Tropos Kynikos: Jaroslav Hašek's The Good Soldier Švejk

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36   The Deserts of Bohemia

Kundera's readings of Kafka and Hasek, however, do not merely regur­gitate Kosík's analogy. Some of them shed surprising new light on the re­lationship of J. K. and J. S., for example, Kundera's succinct observation about the ontic primacy of simulacrum over reality in Kafka's fictions. "In the Kafkan world, the file takes on the role of a Platonic idea. It represents true reality, whereas man's physical existence is only a shadow cast on the screen of illusion."26 And this brings us back to the question underlying the hypothetical encounter between J. K. and J. S.: Why was the former ex­ecuted and the latter released from his stockade prison? A close reading of Hasek's novel yields an uncanny answer supporting Kundera's assertion:

J. S. was released in a case of mistaken identity, of military courts running amok because of a faulty filing system. The documents charging Svejk with treasonous intent were inadvertently placed in the files of somebody else whose initials, J. K., look only too familiar. And, as if this were not sufficient, Josef K.'s files bear the ominous sign of death. "The papers on Svejk," we learn from the omniscient narrator, "were not found until after the war. They were in the archives of the Army Legal Department and were minuted: 'Planned to throw off his hypocritical mask and come out publicly against our ruler and the state.' The papers had been placed in files dealing with a certain Josef Koudela. On the file cover was a cross and underneath it 'Case closed' with the date" (119-20; 92). In a world where one's existence is a mere shadow of a bundle of legal documents bearing one's initials, a man can be easily "arrested one fine morning," to be sure, even without someone "telling lies about him."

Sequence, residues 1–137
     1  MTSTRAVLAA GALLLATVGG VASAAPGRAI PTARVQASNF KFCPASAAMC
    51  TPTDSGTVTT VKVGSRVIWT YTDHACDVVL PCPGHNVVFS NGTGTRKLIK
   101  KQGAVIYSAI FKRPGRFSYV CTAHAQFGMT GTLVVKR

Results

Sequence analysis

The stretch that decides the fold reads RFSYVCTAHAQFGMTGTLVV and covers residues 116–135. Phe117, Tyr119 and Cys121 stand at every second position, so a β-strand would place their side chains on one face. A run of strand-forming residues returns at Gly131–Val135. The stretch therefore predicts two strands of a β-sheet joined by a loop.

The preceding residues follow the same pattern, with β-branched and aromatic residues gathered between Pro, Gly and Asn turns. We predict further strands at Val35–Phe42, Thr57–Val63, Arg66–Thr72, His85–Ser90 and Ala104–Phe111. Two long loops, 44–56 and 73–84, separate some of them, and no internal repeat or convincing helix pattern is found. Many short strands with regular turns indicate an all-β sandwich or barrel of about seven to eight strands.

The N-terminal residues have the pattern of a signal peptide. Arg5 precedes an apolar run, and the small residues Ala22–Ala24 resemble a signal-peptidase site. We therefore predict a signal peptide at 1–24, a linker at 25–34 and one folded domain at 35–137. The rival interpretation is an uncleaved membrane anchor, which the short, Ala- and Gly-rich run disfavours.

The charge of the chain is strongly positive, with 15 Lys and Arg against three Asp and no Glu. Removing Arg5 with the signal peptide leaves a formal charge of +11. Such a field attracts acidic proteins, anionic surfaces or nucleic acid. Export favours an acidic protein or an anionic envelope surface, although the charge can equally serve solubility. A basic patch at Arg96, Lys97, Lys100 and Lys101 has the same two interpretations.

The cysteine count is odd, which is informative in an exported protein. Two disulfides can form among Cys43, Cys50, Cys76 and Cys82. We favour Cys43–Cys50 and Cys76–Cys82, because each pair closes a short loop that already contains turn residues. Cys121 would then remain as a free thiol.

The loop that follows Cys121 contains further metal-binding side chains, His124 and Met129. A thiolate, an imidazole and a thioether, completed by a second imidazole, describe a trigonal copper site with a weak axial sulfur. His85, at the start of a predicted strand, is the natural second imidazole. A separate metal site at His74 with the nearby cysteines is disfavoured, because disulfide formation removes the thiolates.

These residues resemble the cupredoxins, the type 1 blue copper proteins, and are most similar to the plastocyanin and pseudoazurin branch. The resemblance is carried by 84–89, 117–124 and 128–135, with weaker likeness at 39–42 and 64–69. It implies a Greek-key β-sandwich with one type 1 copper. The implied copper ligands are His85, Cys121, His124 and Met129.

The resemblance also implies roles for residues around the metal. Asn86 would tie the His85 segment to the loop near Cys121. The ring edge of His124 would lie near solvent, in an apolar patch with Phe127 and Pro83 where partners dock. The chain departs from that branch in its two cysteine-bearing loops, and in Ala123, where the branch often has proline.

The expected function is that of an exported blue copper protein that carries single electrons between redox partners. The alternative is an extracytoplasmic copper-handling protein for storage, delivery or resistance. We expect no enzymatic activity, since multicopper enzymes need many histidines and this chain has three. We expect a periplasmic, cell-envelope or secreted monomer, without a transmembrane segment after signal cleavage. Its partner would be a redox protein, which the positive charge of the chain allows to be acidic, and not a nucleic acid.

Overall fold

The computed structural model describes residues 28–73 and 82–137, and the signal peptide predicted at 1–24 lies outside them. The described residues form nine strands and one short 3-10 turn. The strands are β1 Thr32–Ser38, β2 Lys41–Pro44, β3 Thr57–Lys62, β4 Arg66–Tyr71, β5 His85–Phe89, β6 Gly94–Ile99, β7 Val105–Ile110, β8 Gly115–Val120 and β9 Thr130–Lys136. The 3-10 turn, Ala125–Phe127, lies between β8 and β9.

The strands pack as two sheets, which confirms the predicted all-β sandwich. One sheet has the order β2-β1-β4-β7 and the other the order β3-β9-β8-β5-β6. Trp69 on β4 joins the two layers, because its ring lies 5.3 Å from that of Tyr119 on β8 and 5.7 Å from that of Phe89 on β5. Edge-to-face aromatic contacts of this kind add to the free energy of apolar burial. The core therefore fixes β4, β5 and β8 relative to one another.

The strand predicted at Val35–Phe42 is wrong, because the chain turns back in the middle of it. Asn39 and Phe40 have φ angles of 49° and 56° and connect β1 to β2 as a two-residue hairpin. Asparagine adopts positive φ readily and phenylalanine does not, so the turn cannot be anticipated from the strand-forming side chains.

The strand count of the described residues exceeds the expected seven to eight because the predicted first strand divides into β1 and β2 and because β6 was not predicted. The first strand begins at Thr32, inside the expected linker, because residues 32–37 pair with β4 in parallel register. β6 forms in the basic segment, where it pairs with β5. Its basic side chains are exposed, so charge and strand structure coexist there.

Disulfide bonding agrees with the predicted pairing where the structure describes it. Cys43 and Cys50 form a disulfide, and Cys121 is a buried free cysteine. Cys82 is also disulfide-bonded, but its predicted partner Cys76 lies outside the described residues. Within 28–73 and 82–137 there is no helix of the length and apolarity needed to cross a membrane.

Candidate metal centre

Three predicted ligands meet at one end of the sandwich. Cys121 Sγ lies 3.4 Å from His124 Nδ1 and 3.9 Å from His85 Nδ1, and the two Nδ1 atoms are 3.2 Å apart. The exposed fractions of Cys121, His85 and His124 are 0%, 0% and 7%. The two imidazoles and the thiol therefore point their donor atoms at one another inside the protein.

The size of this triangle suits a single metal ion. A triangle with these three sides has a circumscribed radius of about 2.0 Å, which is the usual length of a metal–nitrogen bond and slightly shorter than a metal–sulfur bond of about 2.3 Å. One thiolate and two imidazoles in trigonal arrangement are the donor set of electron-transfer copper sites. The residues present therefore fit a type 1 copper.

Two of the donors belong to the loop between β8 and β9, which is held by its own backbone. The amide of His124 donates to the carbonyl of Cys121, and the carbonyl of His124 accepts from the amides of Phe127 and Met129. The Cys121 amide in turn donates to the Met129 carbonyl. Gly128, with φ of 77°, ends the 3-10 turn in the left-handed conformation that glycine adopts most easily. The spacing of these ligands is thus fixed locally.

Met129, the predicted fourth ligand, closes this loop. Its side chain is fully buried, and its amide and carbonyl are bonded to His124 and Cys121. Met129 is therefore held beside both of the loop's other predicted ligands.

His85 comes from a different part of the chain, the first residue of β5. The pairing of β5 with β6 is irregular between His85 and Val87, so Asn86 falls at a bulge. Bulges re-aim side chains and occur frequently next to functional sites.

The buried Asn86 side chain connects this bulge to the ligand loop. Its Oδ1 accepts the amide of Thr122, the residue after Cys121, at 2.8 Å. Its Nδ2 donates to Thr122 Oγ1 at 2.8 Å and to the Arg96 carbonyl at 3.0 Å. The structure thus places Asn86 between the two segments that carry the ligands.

So far I have been concerned primarily with the hermeneutic uses and abuses to which Hasek (and Kafka) were subjected in their homeland. Let me now join the fray myself, using as a stepping-stone Kosík's piece on which I have hitherto relied extensively. Given the opposing trajectories of Josef K.'s and Josef S.'s journeys, which Kosík traced with meticulous precision, it seems appropriate to read The Trial and The Good Soldier in an antistrophic manner, to compare, so to speak, heads and tails, the end of one text with the beginning of the other.

The closure of Kafka's novel is all too well known. Watching the knife being plunged into his heart, Josef K. utters his last sentence: " 'Like a dog!' he said; it was as if the shame of it must outlive him."27 Svejk opens with an equally violent act, albeit only a reported one—the assassination of Archduke Franz Ferdinand: " 'And so they've killed our Ferdinand,' said the charwoman

26 Milan Kundera, "Somewhere Behind," in The Art of Novel, p. 102.

27 Franz Kafka, The Trial, trans. W. and E. Muir (New York, 1956), p. 229. Further refer­ences will be given in the text.

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